Virtual schools and online learning present unprecedented options for students- the type of flexibility and choice that was not on educators’ radar even 10 years ago. But as online options develop for students, it is important to remember the real benefit is for the student. Online learning isn’t meant to save money or slash school budgets (see what’s
Online learning needs basically the same amount of funding as brick and mortar and requires just as highly qualified teachers who are dedicated to their students finding success. Online instruction doesn’t lighten a teacher’s workload, it just makes it look a little different. the well-known provider of online learning for middle and high school students, recognizes that teachers are the key to success.
This week we talked to two of its online educators of the year, Shawn Wigg (HS Math) and Elise Harris (MS Civics) both to whom online learning is not new. They are full-time, online teachers at FLVS and know what it takes for students to succeed in online courses- because they see it every day.
Giving advice to achieve success through online learning could sound very similar to the advice a brick-and-mortar student would hear– many of the best practices overlap. At the same time, learning online takes some shift in mindset and can present a learning curve for all involved.
Here are the top 10 pieces of advice Shawn and Elise had to share from their own experience as full-time, online teachers:
- Provide opportunities for students to collaborate- whether it be through participating in live classes throughout the week or virtually working together on projects. Students need to connect with one another – and connection encourages investment and participation from students, online as well as in a physical classroom.
- Create a strong “triangle” of communication– with the teacher, student and parents. Virtual learning can be like no other experience they have ever had before and students and parents need to know what to expect. Empower the parents with the skills they need to find the data about their students’ progress. Monthly calls keep parents not only informed but excited.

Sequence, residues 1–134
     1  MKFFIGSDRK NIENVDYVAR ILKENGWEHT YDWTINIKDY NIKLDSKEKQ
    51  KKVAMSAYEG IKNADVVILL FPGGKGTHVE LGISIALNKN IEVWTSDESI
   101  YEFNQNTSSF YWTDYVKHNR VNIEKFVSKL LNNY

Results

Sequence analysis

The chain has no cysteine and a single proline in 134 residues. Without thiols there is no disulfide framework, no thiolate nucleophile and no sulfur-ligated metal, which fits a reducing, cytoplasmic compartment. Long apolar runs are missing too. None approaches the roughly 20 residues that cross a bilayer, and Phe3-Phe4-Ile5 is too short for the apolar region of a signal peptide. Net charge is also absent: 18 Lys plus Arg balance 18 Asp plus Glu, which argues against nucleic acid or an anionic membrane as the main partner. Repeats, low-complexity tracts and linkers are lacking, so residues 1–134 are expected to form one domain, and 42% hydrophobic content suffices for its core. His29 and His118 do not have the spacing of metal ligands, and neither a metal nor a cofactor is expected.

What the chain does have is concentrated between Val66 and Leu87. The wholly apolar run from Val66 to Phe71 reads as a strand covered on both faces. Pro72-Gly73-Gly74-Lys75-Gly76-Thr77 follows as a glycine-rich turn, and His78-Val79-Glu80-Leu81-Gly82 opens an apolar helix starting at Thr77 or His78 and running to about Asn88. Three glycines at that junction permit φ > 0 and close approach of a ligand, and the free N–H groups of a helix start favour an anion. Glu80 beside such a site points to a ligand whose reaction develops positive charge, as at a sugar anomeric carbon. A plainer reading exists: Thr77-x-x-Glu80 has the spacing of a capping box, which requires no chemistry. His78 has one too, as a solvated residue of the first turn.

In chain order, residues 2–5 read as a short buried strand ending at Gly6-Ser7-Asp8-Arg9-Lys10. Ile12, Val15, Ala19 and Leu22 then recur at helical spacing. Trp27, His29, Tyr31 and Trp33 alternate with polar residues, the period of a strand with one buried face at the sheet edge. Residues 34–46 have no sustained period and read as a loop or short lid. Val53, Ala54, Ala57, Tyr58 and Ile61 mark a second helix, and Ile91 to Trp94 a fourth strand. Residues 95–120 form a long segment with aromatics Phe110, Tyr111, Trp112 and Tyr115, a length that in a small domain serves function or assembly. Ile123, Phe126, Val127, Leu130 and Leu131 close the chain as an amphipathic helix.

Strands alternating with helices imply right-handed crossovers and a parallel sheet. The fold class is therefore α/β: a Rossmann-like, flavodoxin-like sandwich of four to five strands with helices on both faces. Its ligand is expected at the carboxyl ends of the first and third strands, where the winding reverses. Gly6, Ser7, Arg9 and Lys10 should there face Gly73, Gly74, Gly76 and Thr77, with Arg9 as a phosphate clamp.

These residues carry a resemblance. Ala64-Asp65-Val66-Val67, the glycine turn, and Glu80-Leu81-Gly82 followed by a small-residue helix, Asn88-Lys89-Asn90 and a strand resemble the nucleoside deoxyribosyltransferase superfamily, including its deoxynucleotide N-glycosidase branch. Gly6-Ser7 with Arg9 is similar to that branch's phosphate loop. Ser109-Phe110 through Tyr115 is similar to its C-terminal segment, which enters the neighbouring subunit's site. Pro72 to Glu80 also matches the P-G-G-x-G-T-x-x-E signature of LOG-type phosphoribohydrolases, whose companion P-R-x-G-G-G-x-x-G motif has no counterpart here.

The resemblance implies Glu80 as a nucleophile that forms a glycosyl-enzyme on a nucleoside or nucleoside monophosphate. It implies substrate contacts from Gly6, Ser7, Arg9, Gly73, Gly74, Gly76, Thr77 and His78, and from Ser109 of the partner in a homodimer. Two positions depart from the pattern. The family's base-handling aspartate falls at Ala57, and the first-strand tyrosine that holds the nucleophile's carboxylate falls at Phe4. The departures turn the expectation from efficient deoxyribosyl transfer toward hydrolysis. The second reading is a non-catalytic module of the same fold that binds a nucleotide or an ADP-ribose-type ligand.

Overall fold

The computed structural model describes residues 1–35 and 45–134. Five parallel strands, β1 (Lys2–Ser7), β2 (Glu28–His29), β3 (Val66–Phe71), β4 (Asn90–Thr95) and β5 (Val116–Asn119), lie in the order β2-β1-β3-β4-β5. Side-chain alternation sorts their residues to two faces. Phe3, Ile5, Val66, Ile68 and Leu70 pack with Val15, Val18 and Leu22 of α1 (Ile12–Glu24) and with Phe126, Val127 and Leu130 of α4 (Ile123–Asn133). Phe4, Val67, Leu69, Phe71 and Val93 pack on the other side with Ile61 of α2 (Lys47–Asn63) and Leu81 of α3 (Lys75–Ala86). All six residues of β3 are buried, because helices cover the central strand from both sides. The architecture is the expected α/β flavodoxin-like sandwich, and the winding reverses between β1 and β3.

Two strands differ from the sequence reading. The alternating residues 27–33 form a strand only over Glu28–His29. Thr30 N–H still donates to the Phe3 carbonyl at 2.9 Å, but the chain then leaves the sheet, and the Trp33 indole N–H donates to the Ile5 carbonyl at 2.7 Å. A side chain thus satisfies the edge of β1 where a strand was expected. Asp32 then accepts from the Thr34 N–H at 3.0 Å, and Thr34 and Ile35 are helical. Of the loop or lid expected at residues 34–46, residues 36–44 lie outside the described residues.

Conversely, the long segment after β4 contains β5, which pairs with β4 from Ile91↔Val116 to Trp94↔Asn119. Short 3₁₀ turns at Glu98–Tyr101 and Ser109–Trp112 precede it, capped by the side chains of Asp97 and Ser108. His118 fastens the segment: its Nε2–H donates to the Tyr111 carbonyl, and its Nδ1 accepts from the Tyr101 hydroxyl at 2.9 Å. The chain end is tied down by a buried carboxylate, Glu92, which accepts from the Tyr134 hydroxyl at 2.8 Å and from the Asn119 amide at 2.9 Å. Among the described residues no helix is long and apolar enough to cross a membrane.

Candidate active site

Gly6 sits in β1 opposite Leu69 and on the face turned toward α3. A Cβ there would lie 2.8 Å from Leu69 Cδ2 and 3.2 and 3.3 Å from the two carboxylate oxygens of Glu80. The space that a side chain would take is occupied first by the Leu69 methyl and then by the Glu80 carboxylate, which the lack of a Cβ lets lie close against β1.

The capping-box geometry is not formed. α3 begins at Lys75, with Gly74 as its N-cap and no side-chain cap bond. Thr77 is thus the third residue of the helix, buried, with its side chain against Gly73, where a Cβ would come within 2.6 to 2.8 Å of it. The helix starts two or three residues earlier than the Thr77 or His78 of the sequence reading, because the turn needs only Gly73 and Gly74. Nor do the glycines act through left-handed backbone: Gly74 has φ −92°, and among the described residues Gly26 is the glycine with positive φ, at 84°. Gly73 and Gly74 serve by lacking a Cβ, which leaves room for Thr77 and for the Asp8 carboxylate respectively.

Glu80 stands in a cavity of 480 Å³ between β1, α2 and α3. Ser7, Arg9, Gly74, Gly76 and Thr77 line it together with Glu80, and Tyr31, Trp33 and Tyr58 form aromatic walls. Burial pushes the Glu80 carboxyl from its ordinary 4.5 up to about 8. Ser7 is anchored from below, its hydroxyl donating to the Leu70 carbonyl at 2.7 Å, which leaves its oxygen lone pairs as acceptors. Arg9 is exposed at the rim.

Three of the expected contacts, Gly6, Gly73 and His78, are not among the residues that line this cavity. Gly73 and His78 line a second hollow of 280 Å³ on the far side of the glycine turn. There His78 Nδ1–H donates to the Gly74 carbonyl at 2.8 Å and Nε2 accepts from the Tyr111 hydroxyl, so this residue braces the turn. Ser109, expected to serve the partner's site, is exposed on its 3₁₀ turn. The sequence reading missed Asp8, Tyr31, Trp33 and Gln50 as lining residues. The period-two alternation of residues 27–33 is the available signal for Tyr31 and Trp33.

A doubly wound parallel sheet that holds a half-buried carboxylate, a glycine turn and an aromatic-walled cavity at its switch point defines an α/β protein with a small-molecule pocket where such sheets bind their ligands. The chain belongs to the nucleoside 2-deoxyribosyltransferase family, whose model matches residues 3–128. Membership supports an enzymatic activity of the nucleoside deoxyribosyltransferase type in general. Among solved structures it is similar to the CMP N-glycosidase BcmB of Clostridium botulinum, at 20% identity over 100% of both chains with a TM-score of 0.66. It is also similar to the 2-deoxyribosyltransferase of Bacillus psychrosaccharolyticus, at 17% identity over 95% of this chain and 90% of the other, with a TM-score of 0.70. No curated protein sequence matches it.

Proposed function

- Keep the student at the center of all decisions– whether it be the methods of instruction or the digital tools and strategies used in class. There is never one way to do things- get to know your students and cater to their personal needs. Remember, as students change, so will those needs.
- Be prepared for a huge shift in mindset- if leaving the brick-and-mortar classroom to teach online. Online teachers are on call way beyond the traditional classroom hours of 8 am to 3 pm. Online students learn at their pace – and a huge part of their success is being able to tap into help and support when they need it.
- Have students keep portfolios- and when teaching online those will definitely be virtual portfolios. A favorite for Shawn Wigg and his students is . Students today need to be able to collect and share the best examples of their work as they continue through their education journey.
- Use the tools that make sense for students– Shawn kept searching for the tools to best support his students within math learning and didn’t stop until he found a prescriptive tool that individualizes the lessons. Elise uses to connect with her students- calls and texts are essential, but to add in a safe social network that was actually created by one of her own middle school students has strengthened engagement and relationships she has with her students.
- Recognize the power of positive feedback- because you are not working together in a physical space and facial expressions and body language don’t come into play as much, always remember that verbal positive reinforcement is essential for students. Be generous with it. Elise knows “positive praise goes a long way!”
- Take full advantage of the schedule– students should not be afraid of playing with different times to find what works for them. That never happens at a traditional school. Online students can choose their schedule- even tackle one subject a day, if that works best for their learning style.
- Keep exploring new digital tools– don’t be afraid to adopt new ones. Students can be your number one resource because they are not afraid to grab a new app or tool, experiment, test it and integrate it into their workflow. Teachers can learn so much from the students. Also, search the education section of the app store, go to conferences, reach out to developers and test apps in beta- a lot of times they are free!
- Great professional development is out there– finding opportunities to learn online helps teachers stay connected to what their own students are experiencing. Through a Teaching American History Grant, Elise improves her practice by attending webinars with top social studies scholars from all over the country and visiting historic sites, all powerful experiences that she shares with her students. Shawn taps into organizations like SimpleK12 and iNACOL that support and offer the best resources for online teaching.
Following these tips can help all involved- teachers, parents and, of course, students find success that was not possible before. Teachers like Shawn and Elise connect and work with students from all types of backgrounds and every range of skill set, wanting to improve on their school experience, which is not always easy to provide. But by continuing to build relationships with students and their families and using thoughtful and innovative teaching practices, more students improve and grow through learning online.
FLVS is a Getting Smart Advocacy Partner.